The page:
Wonderful things flowed from the 2014 Sochi Winter Olympic games, including the rise of hometown pride T.J. Oshie of the U.S. Men’s Hockey team. But Sochi also illustrates the limits of human rights and the reckless ease with which spectacle outshines state-sanctioned discrimination.
The takeaway from Sochi must be “no more Sochis.” If the elegantly written Olympic Charter has value, its words require enamel. This is particularly true in the selection of a host city. Principle 6 of the Charter prohibits discrimination of any kind. Were it only so.
From forced evictions of Sochi residents to the exploitation of migrant workers to build the most expensive winter Olympic facilities and village in history, Sochi was off to an inauspicious start. Then a series of invidious anti-gay laws reminded the world that Russia’s discriminatory political heritage was alive and well.
In a letter to the International Olympic Committee last week, several human rights organizations, including Human Rights Watch, demanded basic reforms. They are long overdue.
The primary reform is to strengthen the Olympic host city bid process to ensure that the host country doesn’t employ laws that discriminate on protected grounds and against groups, including gay, lesbian, and transgendered people, in violation of international law. There also need to be mechanisms in place to impartially resolve human rights complaints related to Olympic preparations (read: wage theft and exploitation of labor and forced evictions of residents.) The process also should include independent analysis of a host country’s human rights record.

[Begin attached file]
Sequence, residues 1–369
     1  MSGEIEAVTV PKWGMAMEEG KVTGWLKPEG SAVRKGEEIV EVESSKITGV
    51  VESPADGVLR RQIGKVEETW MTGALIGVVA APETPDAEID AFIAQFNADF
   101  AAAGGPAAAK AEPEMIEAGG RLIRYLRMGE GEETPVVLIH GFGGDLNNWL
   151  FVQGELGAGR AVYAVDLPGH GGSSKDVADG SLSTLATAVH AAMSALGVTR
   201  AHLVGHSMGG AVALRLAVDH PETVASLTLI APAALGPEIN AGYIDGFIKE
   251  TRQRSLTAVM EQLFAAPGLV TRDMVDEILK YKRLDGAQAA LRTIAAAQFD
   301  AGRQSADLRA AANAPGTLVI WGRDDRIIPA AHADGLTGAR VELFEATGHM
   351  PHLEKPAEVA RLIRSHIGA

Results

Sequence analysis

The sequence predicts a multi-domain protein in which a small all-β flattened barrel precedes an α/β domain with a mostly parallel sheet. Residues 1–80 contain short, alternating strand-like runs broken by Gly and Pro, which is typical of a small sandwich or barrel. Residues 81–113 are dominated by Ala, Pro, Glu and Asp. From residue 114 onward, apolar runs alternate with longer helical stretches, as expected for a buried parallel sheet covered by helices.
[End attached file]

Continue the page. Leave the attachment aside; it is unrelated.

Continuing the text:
A second reform is a signed commitment that host cities not introduce policies after their selection that violate human rights laws (see Russia and its new anti-LGBT policies.) Move to discriminate, and the games are cancelled or relocated.
The third reform is a tweak of Principle 6 of the Olympic Charter to add “sexual orientation and gender identity“ to race, religion and politics as a form of discrimination incompatible with the Olympic movement.
The easiest way to de-politicize the Olympics is to settle on a selection process that marginalizes bad actors, irrespective of how much money and human capital they bring to the table. Boycotts rarely work — the U.S. boycott of the 1980 Moscow games didn’t persuade Russia to un-invade Afghanistan. The U.S. decision to participate in the Sochi games and send a delegation that emphasized human dignity and rights, was wise but largely symbolic.
Putin got the spectacle that he craved. Let it be the last time human rights are sacrificed for national self-aggrandizement.